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I Am What I Am

Merle Haggard

July 1, 2010 Comments: 0

Recorded at the age of 72, I Am What I Am shows no sign that Merle Haggard is thinking of hanging up his hat just yet. He sounds totally comfortable with a relaxed approach to both singing and playing, and remarkably has written nearly all the songs himself. At this stage in his career, you truly get the feeling he is only doing what he wants to do, when he wants to do it. As he aptly puts it in the lyrics of the title track: I do what I do because I do give a damn.
 
Perhaps not surprisingly, there are songs here looking back over his life and career, and also several songs about his wife and family. The first song “I’ve Seen It Go Away” opens the album in fine style, with Haggard in reflective mood musing on having seen it all before. But crucially, he doesn’t come across as bitter or angry, but rather resigned and a little sad, as he sings I’ve seen many a great tomorrow turn to yesterday and I’ve seen our greatest leaders break the people’s hearts.
 
Haggard’s son Ben plays guitar on the album, and “Live And Love Always” features a lovely lead vocal from Merle’s wife Theresa. It is an upbeat song with sawing fiddle and perky trombone, and has Haggard interspersing each verse with instructions to Theresa on when to come in, and so on. You might think this would grate after a couple of listens, but it really doesn’t, it comes across as playful and is a highlight track.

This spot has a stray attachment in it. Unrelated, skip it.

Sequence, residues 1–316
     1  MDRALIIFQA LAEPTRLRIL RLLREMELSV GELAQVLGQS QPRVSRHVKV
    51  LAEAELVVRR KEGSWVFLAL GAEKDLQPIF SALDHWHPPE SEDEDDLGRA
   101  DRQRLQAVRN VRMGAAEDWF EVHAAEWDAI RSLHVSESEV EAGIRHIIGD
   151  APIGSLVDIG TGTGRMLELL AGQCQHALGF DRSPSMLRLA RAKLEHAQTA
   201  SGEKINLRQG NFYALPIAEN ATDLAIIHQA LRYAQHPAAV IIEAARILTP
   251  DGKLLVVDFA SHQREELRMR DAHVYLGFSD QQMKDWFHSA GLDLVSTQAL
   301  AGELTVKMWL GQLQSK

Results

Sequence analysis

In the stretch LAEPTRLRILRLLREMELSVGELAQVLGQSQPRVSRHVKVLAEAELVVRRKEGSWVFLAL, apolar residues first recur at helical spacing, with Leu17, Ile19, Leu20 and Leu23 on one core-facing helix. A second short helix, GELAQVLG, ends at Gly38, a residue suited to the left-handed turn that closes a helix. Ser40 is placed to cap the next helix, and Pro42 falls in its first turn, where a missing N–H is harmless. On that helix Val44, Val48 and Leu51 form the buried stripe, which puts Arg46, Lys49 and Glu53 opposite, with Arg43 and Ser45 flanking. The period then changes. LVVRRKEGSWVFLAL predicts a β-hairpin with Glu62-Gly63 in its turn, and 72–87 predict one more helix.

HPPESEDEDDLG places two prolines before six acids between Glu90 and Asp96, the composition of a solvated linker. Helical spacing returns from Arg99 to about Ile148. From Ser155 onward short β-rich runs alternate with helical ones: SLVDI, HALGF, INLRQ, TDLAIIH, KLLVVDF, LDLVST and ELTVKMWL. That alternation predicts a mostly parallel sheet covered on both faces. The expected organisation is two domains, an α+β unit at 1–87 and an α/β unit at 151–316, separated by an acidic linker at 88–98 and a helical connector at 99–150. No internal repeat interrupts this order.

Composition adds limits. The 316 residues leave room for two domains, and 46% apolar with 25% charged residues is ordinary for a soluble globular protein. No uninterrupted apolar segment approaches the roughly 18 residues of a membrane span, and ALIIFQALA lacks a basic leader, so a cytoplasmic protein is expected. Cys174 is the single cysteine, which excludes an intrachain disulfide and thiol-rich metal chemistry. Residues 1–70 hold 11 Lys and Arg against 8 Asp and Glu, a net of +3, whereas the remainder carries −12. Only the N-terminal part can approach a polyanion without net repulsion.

On a similar theme, “We’re Falling In Love Again” is about a couple re-discovering each other after their children have grown up and gone: The children are grown now, as our sunset appears, We’re falling in love again after all these years. The song is filled out by some lovely relaxed guitar and fiddle breaks which capture the mood perfectly.
 
Haggard manages to pull off the combination of playing to his country strengths while still introducing elements of jazz, easy listening, and even Mexican music on a song called “Mexican Bands”. Featuring Don Markham on trumpet, it is his tribute to all things Mexican.
 
Haggard has been conspicuously more successful in the US than in the UK, with a remarkable 38 number one country hits over a recording career of almost fifty years. But, while many artists at this stage in their career might be content to sit back and dwell on past glories, on the evidence of this album, Haggard shows no signs of easing up and would put many younger songwriters to shame.
 
Yellowmoon


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